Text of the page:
This has seemed locked up since “Judy” debuted at the Telluride Film Festival for Renée Zellweger. The comeback story has been deeply felt within the industry, as many big guns have come out not just to welcome her back but also revel in her work as the iconic Judy Garland. When she won her first Oscar in 2003 in Supporting Actress for “Cold Mountain,” many wrote her off as one of those actresses never to return. While Scarlett Johansson’s double nomination for “Marriage Story” and “Jojo Rabbit” may give her an edge in one of her two categories, there may be too much of a distance between her and the feisty Texan native to make up enough ground.
WILL WIN: Renée Zellweger, “Judy”
COULD WIN: Scarlett Johansson, “Marriage Story”
SHOULD WIN: Renée Zellweger, “Judy”
SHOULD HAVE BEEN NOMINATED: Awkwafina for “The Farewell” and Lupita Nyong’o for “Us.”
ACTOR IN A SUPPORTING ROLE
Like all of the frontrunners in the acting categories, Brad Pitt has won every televised award show prize for “Once Upon a Time in…Hollywood,” becoming the “Prom King” of awards season. With no fumbles along the way, the Oscar-winning producer of “12 Years a Slave” is finally going to get his due in an acting race, following nominations for “Twelve Monkeys,” “The Curious Case of Benjamin Button,” and “Moneyball.” This is also the second time in the Oscar history that all nominees are previous winners. Why not give it to the one who has yet to pick up an acting trophy?
WILL WIN: Brad Pitt, “Once Upon a Time in…Hollywood”
COULD WIN: Tom Hanks, “A Beautiful Day in the Neighborhood”
SHOULD WIN: Joe Pesci, “The Irishman”
SHOULD HAVE BEEN NOMINATED: Sterling K. Brown for “Waves” and Dean-Charles Chapman for “1917”
ACTRESS IN A SUPPORTING ROLE
We were on record at the Telluride Film Festival that Laura Dern’s road to an Academy Award looked all but assured given the nature of her role in “Marriage Story,” in addition to industry respect, having nearly becoming Academy president recently. Steamrolling with many critical wins, and every televised award show including a clutch BAFTA win on her first nomination, it looks unlikely that Scarlett Johansson, Florence Pugh, or Margot Robbie have the power to unseat her. If the snub of Jennifer Lopez for “Hustlers” hadn’t occurred, people would be more open to a spoiler, but it wasn’t meant to be.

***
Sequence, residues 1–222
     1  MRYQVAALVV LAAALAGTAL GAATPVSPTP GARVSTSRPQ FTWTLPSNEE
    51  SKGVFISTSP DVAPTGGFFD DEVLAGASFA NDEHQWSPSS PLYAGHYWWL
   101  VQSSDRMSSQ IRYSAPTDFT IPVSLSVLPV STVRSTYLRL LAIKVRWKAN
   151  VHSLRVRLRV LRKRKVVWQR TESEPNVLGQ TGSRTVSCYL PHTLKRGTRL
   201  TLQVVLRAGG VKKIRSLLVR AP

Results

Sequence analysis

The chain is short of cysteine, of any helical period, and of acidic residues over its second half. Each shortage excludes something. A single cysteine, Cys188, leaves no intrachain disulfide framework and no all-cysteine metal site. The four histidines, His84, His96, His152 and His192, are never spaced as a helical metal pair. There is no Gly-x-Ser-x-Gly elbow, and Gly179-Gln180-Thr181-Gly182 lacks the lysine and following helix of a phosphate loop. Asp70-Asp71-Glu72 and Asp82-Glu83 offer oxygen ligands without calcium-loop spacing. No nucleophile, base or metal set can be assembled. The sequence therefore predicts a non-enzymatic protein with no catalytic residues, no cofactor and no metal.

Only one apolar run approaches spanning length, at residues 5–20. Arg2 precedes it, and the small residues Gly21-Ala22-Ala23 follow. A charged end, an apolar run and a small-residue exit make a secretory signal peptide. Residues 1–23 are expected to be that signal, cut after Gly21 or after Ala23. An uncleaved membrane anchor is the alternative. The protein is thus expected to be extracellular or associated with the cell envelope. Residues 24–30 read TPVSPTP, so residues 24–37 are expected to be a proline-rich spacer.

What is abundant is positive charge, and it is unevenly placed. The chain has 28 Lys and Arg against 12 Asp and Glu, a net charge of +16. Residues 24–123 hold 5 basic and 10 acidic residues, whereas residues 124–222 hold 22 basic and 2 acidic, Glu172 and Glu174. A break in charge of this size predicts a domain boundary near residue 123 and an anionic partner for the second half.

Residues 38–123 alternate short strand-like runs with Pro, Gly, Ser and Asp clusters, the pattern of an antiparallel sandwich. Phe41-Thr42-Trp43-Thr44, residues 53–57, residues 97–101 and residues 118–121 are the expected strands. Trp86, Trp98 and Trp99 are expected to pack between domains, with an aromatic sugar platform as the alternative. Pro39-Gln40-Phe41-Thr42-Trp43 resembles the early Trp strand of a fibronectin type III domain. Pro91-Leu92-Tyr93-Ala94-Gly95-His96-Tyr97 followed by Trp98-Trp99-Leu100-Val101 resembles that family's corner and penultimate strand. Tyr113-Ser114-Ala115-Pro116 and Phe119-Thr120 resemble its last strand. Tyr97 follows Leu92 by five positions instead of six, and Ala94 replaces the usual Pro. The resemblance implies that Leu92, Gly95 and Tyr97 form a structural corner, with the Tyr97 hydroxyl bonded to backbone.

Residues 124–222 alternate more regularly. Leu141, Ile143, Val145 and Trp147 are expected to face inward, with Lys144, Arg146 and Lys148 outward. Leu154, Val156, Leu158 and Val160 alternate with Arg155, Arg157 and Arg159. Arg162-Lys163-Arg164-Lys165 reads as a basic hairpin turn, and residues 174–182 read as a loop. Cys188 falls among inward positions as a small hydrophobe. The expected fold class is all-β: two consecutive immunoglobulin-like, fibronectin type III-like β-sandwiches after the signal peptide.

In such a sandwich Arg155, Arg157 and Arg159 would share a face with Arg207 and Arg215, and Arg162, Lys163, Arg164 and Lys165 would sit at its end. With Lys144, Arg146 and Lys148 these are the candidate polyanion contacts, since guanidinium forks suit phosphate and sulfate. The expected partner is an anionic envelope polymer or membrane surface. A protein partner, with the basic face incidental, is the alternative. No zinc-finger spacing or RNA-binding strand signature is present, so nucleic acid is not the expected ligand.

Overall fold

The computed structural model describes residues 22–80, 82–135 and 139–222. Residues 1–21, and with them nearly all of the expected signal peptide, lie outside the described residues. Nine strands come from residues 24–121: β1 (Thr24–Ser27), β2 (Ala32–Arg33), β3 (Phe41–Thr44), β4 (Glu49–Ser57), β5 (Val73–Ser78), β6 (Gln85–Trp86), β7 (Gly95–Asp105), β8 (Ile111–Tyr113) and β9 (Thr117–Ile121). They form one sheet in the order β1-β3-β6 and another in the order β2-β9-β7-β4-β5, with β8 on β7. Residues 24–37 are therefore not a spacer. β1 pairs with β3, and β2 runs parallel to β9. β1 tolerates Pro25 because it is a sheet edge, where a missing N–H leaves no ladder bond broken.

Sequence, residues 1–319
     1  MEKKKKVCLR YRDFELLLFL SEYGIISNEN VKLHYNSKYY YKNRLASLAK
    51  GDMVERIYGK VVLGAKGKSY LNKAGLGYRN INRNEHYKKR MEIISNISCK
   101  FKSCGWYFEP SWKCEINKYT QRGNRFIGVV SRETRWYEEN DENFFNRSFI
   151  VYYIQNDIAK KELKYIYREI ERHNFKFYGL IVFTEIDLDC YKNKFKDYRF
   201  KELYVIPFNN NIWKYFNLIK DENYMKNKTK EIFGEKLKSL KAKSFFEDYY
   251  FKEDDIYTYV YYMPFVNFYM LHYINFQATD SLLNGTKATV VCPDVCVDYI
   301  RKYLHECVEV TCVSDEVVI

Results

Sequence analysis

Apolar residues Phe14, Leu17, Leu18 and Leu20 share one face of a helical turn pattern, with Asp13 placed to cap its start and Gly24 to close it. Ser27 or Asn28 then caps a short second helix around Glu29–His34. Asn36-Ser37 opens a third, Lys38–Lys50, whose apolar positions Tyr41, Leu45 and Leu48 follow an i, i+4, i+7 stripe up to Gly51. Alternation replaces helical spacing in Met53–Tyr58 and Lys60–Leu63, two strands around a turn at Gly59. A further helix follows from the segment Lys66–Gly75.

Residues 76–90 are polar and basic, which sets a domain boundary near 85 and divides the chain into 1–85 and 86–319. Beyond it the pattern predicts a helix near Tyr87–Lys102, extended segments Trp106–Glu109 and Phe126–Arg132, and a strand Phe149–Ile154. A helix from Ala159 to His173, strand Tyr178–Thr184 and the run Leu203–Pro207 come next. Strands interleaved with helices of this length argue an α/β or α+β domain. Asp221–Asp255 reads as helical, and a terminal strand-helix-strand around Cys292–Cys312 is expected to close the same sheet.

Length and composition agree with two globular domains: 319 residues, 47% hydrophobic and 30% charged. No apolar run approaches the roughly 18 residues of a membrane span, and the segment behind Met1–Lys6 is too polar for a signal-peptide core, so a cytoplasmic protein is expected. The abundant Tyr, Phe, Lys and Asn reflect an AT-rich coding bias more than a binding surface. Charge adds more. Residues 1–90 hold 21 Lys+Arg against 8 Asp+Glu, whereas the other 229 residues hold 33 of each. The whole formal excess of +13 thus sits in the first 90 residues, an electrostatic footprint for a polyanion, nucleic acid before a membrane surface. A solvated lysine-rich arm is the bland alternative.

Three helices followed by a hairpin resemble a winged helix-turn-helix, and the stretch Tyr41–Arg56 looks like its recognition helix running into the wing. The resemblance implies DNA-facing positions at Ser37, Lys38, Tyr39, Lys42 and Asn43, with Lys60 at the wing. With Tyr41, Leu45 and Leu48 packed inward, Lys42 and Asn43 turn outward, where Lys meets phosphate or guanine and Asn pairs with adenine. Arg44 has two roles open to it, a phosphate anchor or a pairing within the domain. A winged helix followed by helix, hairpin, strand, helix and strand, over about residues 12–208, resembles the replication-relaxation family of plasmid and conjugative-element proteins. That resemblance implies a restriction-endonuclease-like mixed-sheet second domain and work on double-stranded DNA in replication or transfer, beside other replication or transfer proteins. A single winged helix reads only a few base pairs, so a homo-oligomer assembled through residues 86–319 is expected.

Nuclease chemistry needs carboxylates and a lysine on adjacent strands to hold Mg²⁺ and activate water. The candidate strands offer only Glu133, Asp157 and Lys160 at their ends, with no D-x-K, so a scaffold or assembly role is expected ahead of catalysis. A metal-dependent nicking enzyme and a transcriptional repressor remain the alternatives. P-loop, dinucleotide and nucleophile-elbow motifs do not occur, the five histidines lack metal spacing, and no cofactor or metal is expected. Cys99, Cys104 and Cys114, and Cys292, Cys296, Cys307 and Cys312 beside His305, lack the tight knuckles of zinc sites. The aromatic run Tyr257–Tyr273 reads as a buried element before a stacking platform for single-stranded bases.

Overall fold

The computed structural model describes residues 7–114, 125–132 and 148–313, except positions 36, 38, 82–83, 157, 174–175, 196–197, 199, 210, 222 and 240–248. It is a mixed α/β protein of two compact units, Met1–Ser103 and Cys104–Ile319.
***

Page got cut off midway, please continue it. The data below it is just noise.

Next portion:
WILL WIN: Laura Dern, “Marriage Story”
COULD WIN: Scarlett Johansson, “Jojo Rabbit”
SHOULD WIN: Laura Dern, “Marriage Story”
SHOULD HAVE BEEN NOMINATED: Taylor Russell for “Waves” and Zhao Shuzhen for “The Farewell”
This is difficult to predict although the BAFTA win for “Parasite” has tilted much of the prognosticators towards the notion that since the film is in the thick of it for Best Picture, a screenplay prize is an additional opportunity to reward it, and its director Bong Joon-ho who co-writes. The Golden Globe screenplay category went to Quentin Tarantino, and there’s strong history to follow that to the Dolby. Besides the times that the G.G. screenplay winner lost to a film that wasn’t nominated by the HFPA (i.e., “Three Billboards outside Ebbing, Missouri” won the Globe but Oscar-winner “Get Out” wasn’t nominated) or they chose a film that went on to be miss a nomination (i.e. “Steve Jobs” won Globe and didn’t get cited in Adapted Screenplay), the last time they were wrong in choosing a winner over another nominee in the same category was 1992 when “Scent of a Woman” won over eventual Oscar winner for Adapted Screenplay “Howard’s End.” If you’re looking for an incorrect pick when it deals with an Original Screenplay winner, then look no further than 1988 when “Running on Empty” won Globe over Oscar winner “Rain Man.” With all that said, “Parasite” was nominated for the Globe, and Quentin won. However, like many of my colleagues and pundits, BAFTA showed the tilt, and I’m leaning in that direction.
WILL WIN: “Parasite” (Bong Joon-ho, Jin Won Han)
COULD WIN: “Once Upon a Time in…Hollywood” (Quentin Tarantino)
SHOULD WIN: “Parasite” (Bong Joon-ho, Jin Won Han)
SHOULD HAVE BEEN NOMINATED: “The Farewell” (Lulu Wang) and “Us” (Jordan Peele)